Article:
International Panel of Experts Develops New Definition for Adult Malnutrition

An panel of nutrition experts drawn from Europe and North America has released new universal definitions of malnutrition to help researchers, clinicians and healthcare workers identify and treat malnutrition.

The development of the new definitions was in response to a lack of generally agreed upon terms for  malnutrition and it's various forms, according to the science and healthcare journal publisher, Elsevier. With the new definitions, adult malnutrition can now be classified in one of three categories: starvation-related, chronic disease-related or acute disease/injury-related. Despite the simplicity of the categories, they are inclusive of the major causes of malnutrition. A 2000 study from the Commonwealth Fund found that, depending on the subgroup, between 35% and 85% of nursing home residents can be classified as malnourished.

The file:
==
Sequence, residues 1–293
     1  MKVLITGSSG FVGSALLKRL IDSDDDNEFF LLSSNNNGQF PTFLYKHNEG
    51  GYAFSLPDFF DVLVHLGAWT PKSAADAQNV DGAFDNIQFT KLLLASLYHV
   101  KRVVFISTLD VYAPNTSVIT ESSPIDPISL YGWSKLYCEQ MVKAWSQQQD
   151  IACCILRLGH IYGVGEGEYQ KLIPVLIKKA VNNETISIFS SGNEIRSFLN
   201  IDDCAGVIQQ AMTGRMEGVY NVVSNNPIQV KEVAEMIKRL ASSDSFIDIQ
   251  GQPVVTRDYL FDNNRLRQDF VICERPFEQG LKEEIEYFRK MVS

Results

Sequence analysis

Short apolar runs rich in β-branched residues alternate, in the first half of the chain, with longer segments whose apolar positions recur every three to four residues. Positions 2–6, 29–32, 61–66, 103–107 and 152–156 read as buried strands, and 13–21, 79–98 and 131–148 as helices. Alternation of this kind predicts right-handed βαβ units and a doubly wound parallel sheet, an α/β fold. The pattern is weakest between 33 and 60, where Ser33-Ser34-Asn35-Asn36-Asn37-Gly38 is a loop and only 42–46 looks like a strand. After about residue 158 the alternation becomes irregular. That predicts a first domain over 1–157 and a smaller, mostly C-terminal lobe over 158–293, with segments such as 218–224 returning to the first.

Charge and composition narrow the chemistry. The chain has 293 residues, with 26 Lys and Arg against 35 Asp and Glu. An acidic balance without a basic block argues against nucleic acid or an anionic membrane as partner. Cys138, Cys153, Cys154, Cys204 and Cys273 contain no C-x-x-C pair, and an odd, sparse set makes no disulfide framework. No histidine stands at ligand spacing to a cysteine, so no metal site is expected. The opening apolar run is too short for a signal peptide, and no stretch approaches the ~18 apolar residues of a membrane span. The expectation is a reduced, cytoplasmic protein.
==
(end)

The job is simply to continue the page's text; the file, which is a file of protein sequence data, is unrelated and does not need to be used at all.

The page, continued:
The experts who contributed to the new guidelines include members of both the European Society for Clinical Nutrition and Metabolism and the American Society for Parenteral and Enteral Nutrition. The new definitions are being dually published in the journals Clinical Nutrition and JPEN, the official journals of European and American societies, respectively. For more,  read the story.


Robert W. Carter, Jr. is a Virginia attorney whose law practice is dedicated to protecting the rights of the victims of nursing home and assisted living neglect and abuse in Richmond, Roanoke, Norfolk, Lynchburg, Danville, Charlottesville, and across Virginia.

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